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US trade deficit falls to $38.8 billion in March

Updated: May 2, 2013 8:22AM



WASHINGTON — The U.S. trade deficit narrowed in March for a second month as the daily flow of imported crude oil dropped to the lowest level in 17 years. The deficit with China hit a three-year low.

The trade deficit decreased to $38.8 billion, an 11 percent drop from February’s $43.6 billion, the Commerce Department reported Thursday.

Exports fell 0.9 percent to $184.3 billion as sales of machinery, autos and farm products all declined. Imports fell 2.8 percent to $223.1 billion, led by a 4.4 percent drop in foreign petroleum. Crude oil imports averaged just 7 million barrels per day, the lowest since March 1996.

A smaller trade gap can boost overall economic growth as American companies earn more from overseas sales while U.S. consumers and businesses spend less on foreign products.

For the first three months of this year, the trade deficit is running at an annual rate of $507.7 billion, 5.9 percent below last year’s deficit of $539.5 billion. Economists are looking for the deficit to narrow slightly this year, in part because they expect continued gains in U.S. exports.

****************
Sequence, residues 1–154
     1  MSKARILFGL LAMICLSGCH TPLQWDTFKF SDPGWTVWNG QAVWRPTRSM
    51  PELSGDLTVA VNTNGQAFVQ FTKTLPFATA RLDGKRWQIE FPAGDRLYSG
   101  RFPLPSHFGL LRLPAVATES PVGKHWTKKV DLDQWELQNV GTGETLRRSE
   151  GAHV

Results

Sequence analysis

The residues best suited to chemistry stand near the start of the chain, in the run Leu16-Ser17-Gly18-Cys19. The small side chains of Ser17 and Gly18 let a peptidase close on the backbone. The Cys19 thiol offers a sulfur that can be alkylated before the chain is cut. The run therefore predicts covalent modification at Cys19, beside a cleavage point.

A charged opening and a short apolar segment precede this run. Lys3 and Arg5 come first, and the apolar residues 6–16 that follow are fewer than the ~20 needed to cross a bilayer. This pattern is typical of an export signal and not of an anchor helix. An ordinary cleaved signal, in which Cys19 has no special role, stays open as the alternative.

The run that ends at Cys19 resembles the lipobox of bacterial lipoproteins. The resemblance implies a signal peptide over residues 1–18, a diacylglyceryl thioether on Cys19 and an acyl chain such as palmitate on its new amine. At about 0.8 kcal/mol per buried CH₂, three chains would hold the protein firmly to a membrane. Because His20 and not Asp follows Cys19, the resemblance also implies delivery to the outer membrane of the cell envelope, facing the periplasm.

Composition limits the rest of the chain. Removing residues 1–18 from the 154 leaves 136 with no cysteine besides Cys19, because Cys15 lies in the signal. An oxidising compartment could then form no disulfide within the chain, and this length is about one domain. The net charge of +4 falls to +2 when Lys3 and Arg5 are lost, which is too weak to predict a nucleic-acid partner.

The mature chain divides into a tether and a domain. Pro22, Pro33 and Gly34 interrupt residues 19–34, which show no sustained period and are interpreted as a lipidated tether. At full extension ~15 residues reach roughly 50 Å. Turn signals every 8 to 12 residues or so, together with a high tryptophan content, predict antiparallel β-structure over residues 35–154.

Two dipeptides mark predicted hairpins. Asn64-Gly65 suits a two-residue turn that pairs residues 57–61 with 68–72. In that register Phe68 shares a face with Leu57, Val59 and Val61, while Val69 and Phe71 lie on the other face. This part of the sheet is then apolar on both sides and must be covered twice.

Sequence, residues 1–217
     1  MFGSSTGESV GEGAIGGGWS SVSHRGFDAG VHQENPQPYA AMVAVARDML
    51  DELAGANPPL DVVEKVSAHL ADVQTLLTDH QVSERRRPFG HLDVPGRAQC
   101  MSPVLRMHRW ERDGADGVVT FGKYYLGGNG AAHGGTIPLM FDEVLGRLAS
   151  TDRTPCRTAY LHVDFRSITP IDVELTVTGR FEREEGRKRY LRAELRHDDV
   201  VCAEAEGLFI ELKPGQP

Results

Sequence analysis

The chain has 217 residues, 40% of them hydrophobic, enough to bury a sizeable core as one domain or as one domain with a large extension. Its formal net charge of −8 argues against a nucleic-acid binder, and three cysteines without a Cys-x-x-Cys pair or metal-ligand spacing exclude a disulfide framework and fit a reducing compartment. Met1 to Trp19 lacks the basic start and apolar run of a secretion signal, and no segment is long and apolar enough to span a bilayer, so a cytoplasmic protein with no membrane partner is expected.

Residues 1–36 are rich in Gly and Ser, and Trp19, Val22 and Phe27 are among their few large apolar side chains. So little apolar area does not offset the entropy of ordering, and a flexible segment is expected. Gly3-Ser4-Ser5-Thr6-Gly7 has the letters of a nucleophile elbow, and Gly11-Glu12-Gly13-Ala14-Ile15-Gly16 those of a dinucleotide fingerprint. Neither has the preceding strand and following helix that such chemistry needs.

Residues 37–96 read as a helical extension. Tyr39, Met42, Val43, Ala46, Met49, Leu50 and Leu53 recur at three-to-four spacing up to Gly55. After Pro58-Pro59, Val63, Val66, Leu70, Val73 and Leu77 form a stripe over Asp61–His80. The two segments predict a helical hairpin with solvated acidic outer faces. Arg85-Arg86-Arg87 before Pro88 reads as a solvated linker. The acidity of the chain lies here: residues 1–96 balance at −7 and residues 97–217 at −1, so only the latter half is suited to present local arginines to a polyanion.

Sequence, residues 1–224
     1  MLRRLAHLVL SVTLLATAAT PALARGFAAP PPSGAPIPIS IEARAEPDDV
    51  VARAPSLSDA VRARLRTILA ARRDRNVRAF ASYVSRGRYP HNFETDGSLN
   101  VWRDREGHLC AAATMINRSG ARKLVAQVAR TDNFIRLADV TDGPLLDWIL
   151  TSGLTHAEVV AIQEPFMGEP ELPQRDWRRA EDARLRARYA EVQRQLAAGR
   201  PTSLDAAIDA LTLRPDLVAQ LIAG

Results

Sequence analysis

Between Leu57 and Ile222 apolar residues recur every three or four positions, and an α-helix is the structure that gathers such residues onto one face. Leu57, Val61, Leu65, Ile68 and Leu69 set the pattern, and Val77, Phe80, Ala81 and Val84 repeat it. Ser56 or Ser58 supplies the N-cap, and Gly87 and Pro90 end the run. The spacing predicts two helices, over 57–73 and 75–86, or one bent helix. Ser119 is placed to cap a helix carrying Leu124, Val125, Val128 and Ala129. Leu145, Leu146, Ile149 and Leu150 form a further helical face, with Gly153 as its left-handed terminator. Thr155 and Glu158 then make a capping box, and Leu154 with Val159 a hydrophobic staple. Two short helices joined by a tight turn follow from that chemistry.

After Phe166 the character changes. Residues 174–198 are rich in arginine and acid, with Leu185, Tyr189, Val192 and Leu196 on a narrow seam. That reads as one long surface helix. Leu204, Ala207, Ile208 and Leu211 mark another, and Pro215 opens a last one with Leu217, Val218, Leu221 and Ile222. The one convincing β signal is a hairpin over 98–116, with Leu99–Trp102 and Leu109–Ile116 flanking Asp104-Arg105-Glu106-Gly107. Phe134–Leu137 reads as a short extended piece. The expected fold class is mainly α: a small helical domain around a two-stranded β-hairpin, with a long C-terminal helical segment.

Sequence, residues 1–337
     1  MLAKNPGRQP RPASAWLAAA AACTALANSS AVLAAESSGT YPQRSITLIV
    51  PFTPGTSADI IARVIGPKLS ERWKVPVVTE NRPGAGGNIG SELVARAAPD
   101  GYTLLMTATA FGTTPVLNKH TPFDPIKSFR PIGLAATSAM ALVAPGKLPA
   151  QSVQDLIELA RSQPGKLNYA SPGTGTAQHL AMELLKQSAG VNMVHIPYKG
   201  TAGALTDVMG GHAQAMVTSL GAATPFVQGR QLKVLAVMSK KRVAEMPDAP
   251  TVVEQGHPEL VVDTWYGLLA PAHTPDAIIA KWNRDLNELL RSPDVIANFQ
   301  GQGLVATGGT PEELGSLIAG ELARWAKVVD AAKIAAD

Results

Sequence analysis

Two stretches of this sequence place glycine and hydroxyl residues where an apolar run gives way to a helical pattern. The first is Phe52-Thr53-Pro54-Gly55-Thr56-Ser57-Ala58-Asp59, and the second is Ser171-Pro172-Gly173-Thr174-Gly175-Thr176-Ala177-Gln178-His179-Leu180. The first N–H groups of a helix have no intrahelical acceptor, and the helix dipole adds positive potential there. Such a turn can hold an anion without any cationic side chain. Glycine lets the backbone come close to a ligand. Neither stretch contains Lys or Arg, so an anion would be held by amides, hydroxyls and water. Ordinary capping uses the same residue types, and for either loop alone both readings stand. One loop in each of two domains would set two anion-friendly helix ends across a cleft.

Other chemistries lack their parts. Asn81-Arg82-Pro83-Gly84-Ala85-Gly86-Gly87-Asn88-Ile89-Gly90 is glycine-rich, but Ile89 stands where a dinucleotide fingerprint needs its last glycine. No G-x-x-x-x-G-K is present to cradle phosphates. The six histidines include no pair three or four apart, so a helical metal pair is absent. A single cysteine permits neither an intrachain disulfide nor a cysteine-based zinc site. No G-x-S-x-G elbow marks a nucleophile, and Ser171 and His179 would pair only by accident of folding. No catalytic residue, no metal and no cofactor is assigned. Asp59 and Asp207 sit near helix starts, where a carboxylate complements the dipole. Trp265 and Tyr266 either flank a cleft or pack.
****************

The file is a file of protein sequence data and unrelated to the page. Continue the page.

The politically sensitive deficit with China shrank 23.6 percent in March to $17.9 billion, still far above the imbalance with any other country.

The deficit with the European Union grew 13 percent in March to $9.9 billion even though U.S. exports to the region rose 14.4 percent. But for the year, U.S. exports to Europe are down 8 percent compared to the same period in 2012, reflecting the impact of a recession in the 17 European Union countries that use the euro.

The European Central Bank announced Thursday that it was cutting its benchmark interest rate to a new record low in an effort to stimulate growth in the 17 European countries that use the euro currency.



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